Hey i was just asked to coach a girls 5-7 year old softball team here in Houston. I don't mind it, but have no idea what to do at practice or how to structure it. Almost all of these girls cannot catch a ball or even throw properly so warming up tthrowing to each other seems out of the question.
So how should I structure my first practice? What drills or stations should we do? Any help would be appreciated.
Arrive, raise hell, leave. - Steve Austin
I coached a 4-8 rec team one spring and half that team was like yours. You will need help don't try to do it all unless you have too. Small groups from 3-4 kids. I split the kids up based on what they could and couldn't do. Basically I didn't put all the kids that couldn't hit in one group I split them up. When teaching how to throw and catch. I used foam softballs or tennis balls, no gloves just their hands for the first month. Fielding I rolled the balls at first, hitting we used a tee a lot. Work on running the bases that one area I didnt and wished I had.
Wow great info!
Base running - you mean game situations or just basic bases?
My biggest issue is these girls can't even catch the ball withtheir gloves wwhile playing catch - how do I get them to catch just playing toss?
Same as jnw96 stated.
DD, nickname is stone hands, coach started with the player throwing to their parent and the parent rolling the ball back to them.
I would start catching with tennis balls or some other softer ball with bare hands, introduce the mitt, and then introduce whatever ball you play with.
It is a slow process for some of the players.
Edit: For 8U and under you are going to have a lot of parents there, show them what to do and they will help.
I like the suggestion of starting them off throwing to their parents and having the parents roll the ball back. Have them get their glove down on the ground and bring their other hand down on top of the ball once it rolls in--it's usually called alligator hands or alligator jaws, which the youngsters seem to enjoy.
You are going to need to find a girl who can catch reliably and put her at first. IMO first is the most important position at 5-7.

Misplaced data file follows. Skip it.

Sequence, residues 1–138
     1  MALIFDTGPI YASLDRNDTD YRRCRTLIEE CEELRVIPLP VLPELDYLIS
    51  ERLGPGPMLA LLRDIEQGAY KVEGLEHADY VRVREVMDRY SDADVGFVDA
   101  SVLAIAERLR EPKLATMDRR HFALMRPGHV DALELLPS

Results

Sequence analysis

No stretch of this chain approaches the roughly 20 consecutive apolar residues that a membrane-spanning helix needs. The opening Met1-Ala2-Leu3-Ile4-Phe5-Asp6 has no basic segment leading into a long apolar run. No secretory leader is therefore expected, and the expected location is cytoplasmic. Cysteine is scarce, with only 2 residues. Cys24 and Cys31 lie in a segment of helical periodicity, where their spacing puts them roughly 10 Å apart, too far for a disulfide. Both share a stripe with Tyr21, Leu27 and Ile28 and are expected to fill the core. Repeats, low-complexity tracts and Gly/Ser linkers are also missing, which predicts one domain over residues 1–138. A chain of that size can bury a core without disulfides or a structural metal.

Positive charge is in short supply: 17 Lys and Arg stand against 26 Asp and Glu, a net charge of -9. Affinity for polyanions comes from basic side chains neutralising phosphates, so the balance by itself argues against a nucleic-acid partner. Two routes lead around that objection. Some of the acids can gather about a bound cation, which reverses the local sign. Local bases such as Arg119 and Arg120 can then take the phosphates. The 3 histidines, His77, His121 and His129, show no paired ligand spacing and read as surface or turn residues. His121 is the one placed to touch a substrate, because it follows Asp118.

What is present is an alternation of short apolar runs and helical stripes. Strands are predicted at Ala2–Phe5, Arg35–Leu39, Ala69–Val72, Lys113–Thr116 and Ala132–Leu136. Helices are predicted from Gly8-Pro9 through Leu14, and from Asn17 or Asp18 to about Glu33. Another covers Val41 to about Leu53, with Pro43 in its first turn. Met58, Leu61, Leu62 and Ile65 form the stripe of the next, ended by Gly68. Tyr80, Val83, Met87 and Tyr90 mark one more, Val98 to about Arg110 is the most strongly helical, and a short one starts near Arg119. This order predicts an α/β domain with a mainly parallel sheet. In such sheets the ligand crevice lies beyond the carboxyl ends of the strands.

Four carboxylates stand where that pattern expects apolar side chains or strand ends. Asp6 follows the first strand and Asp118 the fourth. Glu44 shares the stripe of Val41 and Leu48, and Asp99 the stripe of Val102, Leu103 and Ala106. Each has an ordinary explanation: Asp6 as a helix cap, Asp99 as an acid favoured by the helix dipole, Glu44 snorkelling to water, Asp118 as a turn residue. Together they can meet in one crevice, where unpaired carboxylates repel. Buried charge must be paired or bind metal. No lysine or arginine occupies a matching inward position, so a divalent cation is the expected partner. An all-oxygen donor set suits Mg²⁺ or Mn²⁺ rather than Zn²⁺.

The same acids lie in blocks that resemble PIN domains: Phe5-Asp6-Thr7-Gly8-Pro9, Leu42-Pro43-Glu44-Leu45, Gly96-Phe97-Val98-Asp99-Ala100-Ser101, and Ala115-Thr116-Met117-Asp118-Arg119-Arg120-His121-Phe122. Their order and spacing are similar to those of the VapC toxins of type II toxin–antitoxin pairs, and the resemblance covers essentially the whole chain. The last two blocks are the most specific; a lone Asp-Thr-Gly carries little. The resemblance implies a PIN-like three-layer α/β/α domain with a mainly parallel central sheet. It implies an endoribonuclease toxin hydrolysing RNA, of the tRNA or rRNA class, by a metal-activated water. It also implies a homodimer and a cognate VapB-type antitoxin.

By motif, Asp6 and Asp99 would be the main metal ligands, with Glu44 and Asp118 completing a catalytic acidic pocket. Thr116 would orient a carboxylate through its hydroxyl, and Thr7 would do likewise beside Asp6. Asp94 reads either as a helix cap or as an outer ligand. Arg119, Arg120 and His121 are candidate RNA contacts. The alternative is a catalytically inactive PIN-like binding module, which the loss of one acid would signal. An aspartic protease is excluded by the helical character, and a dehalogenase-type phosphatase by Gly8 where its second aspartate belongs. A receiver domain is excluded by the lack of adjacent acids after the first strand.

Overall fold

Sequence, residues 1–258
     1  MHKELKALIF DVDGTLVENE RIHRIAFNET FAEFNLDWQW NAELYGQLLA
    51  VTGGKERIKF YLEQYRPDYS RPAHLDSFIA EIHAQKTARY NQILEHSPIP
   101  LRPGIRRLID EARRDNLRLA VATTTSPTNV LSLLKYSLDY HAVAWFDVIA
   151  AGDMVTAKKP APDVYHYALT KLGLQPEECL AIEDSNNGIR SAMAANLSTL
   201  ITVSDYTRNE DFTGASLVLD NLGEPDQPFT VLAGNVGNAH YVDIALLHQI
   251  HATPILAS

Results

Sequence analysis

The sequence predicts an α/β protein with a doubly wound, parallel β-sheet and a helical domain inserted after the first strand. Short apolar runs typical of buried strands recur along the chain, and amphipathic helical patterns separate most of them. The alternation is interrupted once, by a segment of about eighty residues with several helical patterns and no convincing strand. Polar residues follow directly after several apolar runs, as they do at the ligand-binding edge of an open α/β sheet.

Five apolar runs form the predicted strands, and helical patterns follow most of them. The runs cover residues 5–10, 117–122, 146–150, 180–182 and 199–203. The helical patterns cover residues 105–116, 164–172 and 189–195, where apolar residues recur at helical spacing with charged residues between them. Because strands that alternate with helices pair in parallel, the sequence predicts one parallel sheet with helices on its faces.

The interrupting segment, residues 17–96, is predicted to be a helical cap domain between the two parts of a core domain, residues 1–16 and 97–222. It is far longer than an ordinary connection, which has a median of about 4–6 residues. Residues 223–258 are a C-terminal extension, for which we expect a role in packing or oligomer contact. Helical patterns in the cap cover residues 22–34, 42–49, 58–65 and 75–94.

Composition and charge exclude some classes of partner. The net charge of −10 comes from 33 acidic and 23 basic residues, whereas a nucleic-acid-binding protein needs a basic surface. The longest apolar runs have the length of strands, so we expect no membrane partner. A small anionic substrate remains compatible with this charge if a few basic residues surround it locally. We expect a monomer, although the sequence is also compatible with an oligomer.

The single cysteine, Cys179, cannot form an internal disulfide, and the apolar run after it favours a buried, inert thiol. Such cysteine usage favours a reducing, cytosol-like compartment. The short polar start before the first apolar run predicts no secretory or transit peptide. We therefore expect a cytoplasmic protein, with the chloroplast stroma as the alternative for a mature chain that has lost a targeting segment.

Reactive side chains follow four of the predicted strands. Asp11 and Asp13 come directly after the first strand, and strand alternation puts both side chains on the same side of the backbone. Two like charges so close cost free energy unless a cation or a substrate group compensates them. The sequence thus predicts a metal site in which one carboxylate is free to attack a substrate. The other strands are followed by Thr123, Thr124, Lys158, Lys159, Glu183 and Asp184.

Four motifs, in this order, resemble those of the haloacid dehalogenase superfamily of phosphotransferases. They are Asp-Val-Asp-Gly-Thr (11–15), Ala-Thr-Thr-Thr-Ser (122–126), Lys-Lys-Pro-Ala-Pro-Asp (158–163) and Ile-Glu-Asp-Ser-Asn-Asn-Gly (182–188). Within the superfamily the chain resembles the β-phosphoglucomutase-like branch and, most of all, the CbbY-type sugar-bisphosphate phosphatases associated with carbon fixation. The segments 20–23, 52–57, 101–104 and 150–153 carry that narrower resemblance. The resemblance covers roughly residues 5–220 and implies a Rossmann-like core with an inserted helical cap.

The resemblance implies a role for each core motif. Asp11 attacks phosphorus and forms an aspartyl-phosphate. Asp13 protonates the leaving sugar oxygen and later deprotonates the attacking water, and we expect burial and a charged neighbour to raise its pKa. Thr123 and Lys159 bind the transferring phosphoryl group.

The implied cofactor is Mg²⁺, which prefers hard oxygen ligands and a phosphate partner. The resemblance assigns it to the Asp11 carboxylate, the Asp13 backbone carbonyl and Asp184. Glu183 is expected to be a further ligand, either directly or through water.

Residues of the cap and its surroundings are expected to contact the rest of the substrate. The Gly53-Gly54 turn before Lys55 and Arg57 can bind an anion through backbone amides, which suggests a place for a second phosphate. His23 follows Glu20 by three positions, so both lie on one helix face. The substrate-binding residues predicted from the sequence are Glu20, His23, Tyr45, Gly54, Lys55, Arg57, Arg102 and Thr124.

A lot of things are very, very different at that stage. The following is mostly condensed from stuff I've read on the net and what I remember from watching the little ones learning to play... I'd concentrate on the right side of your infield. The defensive pitcher, the second baseman and the first baseman are where you are going to get your extra outs. ( besides strikeouts. :-D ) Unless you have a complete stud who can actually throw accurately all the way from short to first (and if you do, she should be at one of the three other positions), all you can generally expect on grounders toward third and SS is that the girls learn to hold the runner, by getting in front of the ball, getting their gloves down, stopping the ball in the infield and throwing or running the ball in to the pitcher. (That's really a good accomplishment at the 5-7 age) You can keep the parents who think their daughters are great (but who actually need work) very happy by letting them play SS and third fairly often. It will give them a chance to learn and you weren't really expecting to make outs there anyway. For the defensive pitcher and 2nd, you want to find girls who can field and throw and who are alert. The hits they will see that can become routine outs are going to be slow to mid-speed grounders. Train them to field those balls aggressively and throw to first. (Or, many times, the defensive pitcher or first baseman would be able to run to the baseline with the ball in her glove, her other hand holding it in securely, and tag the runner.) If you develop a team that can make any routine outs at that age, you will be ahead of the game. IMO once the girls have some success, they're going to be motivated to keep playing!